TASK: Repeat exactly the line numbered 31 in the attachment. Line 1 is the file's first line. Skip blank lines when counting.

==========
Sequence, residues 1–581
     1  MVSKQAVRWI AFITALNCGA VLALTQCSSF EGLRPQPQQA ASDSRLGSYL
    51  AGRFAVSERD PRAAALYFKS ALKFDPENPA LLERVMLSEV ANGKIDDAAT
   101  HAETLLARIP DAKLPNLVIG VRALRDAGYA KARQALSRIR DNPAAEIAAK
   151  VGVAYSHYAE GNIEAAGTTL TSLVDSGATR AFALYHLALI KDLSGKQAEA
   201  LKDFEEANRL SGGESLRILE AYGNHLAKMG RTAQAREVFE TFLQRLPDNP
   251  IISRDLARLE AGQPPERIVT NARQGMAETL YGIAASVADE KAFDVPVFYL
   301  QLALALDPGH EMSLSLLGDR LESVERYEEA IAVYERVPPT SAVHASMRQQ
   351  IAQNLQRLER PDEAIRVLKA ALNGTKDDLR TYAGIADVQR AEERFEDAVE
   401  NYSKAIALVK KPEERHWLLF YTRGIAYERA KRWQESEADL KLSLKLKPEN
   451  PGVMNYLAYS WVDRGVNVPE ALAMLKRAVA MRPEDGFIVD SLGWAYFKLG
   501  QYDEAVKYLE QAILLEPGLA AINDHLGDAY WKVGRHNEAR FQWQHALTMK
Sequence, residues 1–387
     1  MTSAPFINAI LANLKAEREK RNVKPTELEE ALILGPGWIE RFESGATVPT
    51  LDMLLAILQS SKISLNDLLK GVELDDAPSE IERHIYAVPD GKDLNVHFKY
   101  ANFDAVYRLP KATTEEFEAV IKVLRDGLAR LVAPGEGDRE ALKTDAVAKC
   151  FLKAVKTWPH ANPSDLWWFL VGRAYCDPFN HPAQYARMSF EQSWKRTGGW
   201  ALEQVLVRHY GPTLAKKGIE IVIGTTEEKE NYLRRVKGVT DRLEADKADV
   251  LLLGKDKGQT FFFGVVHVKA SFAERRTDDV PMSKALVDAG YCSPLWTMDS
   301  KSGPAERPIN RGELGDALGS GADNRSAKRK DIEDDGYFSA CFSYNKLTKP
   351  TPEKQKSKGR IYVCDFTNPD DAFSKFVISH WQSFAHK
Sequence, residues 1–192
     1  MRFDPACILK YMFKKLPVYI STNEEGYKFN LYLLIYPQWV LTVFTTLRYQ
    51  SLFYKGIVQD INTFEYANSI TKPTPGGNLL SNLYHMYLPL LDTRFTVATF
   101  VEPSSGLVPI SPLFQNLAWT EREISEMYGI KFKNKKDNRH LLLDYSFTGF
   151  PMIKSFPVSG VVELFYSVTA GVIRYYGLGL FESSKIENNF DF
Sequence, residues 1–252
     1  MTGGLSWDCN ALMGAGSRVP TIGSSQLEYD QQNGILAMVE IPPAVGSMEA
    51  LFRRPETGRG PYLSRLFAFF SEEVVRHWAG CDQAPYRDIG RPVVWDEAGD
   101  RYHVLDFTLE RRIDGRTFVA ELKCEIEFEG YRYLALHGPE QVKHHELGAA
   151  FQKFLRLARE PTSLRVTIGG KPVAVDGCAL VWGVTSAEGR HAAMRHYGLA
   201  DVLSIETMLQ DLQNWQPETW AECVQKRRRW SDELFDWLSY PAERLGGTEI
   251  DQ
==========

   151  FQKFLRLARE PTSLRVTIGG KPVAVDGCAL VWGVTSAEGR HAAMRHYGLA